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Schema.org: The Search Engines make nice to bring more relevant search results

What is it?

Up until a week ago today, Google, Yahoo! and Bing were requesting that structured data be entered differently for each site. Now, after a (surprising) joint announcement about a new site called Schema.org and a new common vocabulary for web page design that helps to categorize your site or page into the type of content that it is, it’s easier than ever to tell the search engines what the subject of your content is.  Whether it be a restaurant review, video clip, place or event, the search engines are making nice to bring the user a more relevant search experience. 

(Disclaimer: With the examples below, my intention is not to give our audience a lesson in how to write microcode for your website, blog, or the press release posted on your website (I wouldn’t have a clue), but to give you an understanding of how this type of data can help you garner the results that you are looking to achieve.

To illustrate my point, let’s take the band, Phoenix, as an example. Say you’re trying to search for information about their latest video, album, or concert dates.  Now, if I’m a search engine, not a human being, and you type in simply “Phoenix”, how do I know that you’re talking about the band and not the city, the firebird from Greek mythology or the online university?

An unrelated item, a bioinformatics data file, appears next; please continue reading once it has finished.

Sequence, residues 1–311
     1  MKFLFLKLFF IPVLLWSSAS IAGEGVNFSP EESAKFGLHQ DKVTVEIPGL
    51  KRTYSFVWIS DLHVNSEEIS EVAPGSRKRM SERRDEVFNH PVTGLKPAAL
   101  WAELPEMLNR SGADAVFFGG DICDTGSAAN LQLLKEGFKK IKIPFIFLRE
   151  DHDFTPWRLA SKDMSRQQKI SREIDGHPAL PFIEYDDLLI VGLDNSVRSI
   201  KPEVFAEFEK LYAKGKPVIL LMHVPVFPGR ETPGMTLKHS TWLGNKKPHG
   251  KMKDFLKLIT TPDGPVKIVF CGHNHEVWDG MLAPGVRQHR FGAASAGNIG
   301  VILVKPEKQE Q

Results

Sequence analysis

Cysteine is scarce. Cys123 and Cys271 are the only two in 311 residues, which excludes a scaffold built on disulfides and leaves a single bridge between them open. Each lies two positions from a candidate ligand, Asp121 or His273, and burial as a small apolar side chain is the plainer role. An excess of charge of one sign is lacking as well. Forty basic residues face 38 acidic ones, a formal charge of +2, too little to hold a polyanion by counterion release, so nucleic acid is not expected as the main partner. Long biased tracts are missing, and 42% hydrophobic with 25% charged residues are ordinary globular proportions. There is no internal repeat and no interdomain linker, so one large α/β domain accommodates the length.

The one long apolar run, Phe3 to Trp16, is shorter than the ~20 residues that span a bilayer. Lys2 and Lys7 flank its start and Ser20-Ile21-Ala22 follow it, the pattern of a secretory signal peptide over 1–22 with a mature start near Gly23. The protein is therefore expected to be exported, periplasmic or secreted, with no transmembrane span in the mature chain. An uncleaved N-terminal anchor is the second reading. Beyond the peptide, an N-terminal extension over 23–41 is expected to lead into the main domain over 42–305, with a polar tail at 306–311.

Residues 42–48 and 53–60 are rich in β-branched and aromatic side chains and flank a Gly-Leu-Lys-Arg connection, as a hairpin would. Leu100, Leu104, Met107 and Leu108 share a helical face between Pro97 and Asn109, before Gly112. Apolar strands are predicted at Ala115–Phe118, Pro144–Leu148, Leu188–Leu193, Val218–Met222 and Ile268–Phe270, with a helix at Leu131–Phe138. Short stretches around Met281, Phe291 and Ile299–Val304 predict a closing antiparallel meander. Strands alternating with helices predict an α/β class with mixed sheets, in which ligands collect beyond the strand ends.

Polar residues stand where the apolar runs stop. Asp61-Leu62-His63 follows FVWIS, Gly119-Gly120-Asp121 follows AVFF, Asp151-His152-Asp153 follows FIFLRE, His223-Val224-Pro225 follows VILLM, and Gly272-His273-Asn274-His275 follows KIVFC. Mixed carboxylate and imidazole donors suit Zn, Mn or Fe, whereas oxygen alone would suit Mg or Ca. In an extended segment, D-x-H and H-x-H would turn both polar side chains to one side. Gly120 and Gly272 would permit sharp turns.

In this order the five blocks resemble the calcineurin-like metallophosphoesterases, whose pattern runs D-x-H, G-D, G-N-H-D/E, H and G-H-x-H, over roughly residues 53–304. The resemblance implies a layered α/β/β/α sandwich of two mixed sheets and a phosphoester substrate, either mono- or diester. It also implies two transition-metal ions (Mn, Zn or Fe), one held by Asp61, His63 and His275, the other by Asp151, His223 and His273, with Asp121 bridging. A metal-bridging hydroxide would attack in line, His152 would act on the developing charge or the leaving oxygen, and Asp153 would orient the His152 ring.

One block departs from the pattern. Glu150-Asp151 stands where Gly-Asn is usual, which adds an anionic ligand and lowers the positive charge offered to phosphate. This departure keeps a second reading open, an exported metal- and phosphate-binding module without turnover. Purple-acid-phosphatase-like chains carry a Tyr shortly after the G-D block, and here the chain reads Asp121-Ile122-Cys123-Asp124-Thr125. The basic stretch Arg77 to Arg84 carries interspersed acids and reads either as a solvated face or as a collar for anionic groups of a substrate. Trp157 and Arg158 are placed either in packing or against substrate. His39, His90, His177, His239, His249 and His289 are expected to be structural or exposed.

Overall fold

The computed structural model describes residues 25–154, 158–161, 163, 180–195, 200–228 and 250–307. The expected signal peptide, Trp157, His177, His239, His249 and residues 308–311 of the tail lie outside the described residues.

As you can see from the results below, my preferred search engine isn’t as intuitive as I’d like it to be.

 

 

 

 

 

 

 

 

 

 

How does it work?

Enter Schema.org.

With this new set of structured data or microdata, you can now help the search engines to figure out not only what your content is about, but what type of classification it should have. So, if you are posting information about a band that has videos online and upcoming shows in a location nearby, they will appear under the appropriate category on the SERPThat being said, to illustrate what I am talking about you can check out the original HTML vs Microdata example for Foo Fighters (one of my favorite bands) for yourself on Schema.org.

Why should we care?

Hopefully as more webmasters start to implement the Schema.org vocabulary behind the scenes, you will start to have a more useful search experience with “rich snippets” like the ones below for the Foo Fighters with videos, news and other relevant multimedia components classified under the proper headings.

 

About Laurie Mahoney

Laurie Mahoney is the Director of Product Marketing at Cision. She is a regular contributor to Cision Blog mainly focusing on topics like content marketing, social media and SEO. Laurie is a Chicagoan now, but spent her earlier days in the South where she attended the University of Georgia. She has a weakness for good TV, sushi and anything that mentions “salted caramel” in the name. You can find her on Twitter @channermahoney.

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